While the partnership ended rather acrimoniously in 2017, it now appears the bosses of both F1 teams are open to working together.
Renault and Red Bull ended their partnership in 2017 but are now open to working together in F1
Honda’s exit from the Formula 1 at the end of the 2021 season means that the Red Bull team and its sister AlphaTauri team will be left without an engine when the sport enters a new era of regulations in 2022. This has opened the door for Red Bull to rekindle its old partnership with Renault with who it won four world titles at the turn of the last decade. While the partnership ended rather acrimoniously in 2017, it now appears the bosses of both F1 teams are open to working together with each – and not just being forced to come together because of the unfortunate circumstances.
“If we have certain obligations we will comply, but all our efforts and everything we do should revolve around this strategic objective, which is to be in a position to win races for the benefit of the build-up and ramp-up of the Alpine brand,” said Cyril Abiteboul, the managing director of Renault’s F1 unit indicating that supplying the two Red Bull teams wouldn’t be an issue and at the same time, it wouldn’t hamper its own plans with its works Alpine team. Even Red Bull’s Christian Horner has seemingly cooled down after having rather a tumultuous relationship with Abiteboul in the last five years since the sport entered the hybrid engine era in 2014.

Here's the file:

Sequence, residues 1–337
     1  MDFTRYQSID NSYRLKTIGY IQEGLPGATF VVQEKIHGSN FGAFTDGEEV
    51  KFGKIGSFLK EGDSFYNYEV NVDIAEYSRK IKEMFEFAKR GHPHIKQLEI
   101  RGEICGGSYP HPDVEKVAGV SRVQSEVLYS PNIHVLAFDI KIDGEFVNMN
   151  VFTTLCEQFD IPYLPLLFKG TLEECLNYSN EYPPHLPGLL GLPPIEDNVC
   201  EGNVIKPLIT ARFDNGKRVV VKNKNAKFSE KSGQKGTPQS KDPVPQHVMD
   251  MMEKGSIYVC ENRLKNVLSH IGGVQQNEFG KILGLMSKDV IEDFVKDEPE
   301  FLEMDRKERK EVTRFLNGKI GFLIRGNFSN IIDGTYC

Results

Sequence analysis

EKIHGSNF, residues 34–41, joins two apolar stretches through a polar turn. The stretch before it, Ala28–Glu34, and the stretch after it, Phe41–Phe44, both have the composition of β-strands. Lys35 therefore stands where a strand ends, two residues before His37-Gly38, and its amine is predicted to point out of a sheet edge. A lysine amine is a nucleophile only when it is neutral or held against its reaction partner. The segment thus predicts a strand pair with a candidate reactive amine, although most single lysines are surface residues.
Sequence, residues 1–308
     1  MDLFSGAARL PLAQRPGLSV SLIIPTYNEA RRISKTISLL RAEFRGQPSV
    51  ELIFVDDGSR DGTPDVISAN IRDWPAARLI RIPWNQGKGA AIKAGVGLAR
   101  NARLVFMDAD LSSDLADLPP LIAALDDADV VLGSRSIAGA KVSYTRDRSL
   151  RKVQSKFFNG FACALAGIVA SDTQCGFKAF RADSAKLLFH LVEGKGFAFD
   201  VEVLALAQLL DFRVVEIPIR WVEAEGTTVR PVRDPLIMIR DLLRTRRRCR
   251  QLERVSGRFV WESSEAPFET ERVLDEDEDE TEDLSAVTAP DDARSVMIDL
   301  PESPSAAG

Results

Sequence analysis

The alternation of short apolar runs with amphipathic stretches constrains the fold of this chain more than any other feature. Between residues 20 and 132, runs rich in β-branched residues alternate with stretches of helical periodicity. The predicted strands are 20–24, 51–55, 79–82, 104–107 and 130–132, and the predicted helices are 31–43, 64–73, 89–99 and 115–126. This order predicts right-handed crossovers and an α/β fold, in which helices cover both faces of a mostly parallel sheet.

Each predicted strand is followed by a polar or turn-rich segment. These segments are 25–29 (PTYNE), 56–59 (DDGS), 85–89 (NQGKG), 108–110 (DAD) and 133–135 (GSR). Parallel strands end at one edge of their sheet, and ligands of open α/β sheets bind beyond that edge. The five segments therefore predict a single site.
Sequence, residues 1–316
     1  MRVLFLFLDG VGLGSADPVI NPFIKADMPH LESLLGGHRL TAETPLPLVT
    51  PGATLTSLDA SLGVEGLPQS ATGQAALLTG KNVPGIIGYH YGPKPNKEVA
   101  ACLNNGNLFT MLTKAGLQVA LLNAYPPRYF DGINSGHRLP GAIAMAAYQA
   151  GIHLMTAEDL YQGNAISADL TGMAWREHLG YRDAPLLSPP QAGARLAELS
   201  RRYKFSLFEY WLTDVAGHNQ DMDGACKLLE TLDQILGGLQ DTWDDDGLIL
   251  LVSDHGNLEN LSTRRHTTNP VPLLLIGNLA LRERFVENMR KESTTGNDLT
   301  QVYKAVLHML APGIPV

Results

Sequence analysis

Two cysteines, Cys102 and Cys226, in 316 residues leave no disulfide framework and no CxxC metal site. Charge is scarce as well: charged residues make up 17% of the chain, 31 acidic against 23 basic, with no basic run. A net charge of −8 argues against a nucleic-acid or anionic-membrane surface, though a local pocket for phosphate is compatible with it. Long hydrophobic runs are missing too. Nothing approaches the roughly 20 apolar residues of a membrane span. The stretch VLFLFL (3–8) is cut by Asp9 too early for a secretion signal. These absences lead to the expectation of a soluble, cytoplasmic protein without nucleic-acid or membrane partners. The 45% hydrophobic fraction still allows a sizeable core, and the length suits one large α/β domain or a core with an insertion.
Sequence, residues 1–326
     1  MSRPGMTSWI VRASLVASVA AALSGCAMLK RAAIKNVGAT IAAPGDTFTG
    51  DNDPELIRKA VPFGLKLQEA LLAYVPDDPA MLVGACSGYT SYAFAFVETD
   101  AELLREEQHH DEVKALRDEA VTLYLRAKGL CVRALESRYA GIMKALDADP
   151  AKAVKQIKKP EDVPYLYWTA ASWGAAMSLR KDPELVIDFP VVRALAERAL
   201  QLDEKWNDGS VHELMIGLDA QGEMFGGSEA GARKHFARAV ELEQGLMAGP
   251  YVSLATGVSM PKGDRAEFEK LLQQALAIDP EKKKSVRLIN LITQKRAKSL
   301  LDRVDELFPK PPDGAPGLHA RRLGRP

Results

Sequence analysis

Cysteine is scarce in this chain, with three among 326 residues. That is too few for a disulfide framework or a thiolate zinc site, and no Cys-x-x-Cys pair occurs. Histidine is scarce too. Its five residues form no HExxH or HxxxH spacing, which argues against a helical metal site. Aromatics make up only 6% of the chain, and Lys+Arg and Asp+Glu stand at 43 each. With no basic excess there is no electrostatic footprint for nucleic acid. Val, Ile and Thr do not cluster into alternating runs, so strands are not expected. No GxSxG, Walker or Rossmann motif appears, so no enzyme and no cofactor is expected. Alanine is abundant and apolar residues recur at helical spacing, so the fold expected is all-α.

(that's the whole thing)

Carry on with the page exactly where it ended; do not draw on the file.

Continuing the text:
“Of course I understand why people assume that we will talk to Renault. Since the separation, Renault has changed. The new board brings a lot of fresh wind and some changes. Things are moving forward,” said Horner to Servus TV.
Red Bull would also be more open to a Renault partnership again as its engine has now become quite competitive and can be perhaps be rated as the second best in F1 after the Mercedes unit.
As the sporting regulations stand, if Red Bull isn’t able to figure out alternative engine supply, Renault will be obliged to supply engines to Red Bull as it wouldn’t be supplying even a single team outside of its works unit from 2021 onwards.
As Abiteboul notes, the entry of a new engine supplier is highly unlikely and even if that were to happen, it wouldn’t be competitive. Though if Honda were willing to share its IP or sell it, that would represent a viable alternative for Red Bull to adapting its chassis to Renault’s power unit.
But Red Bull needs closure on this by the end of the year as it has to close the development for the design of the engine for the new 2022 cars that will be based on new aerodynamic regulations.
“We need clarity by the end of the year. Of course, we have to consider all possibilities, all options. But in the end, Mr [Dietrich] Mateschitz must decide how to proceed. But it is important for us to have enough power to challenge Mercedes in the coming years,” revealed Horner to Servus TV.
Honda has also indicated a willingness to help Red Bull in the interest of the great relationship both teams have shared in the last couple of years.
Red Bull shifted to Honda engines as partially it desired a works status with the manufacturer. Renault wouldn’t have provided that as its priorities laid in its own works team.
Even if Red Bull were to fall back on Renault, it would be back to square one for the team. Getting a Mercedes and Ferrari engine would be harder as those teams already have engine supply contracts in place and would likely be cagey about supplying to Red Bull considering its well-known ability to have one of the best chassis on the grid.
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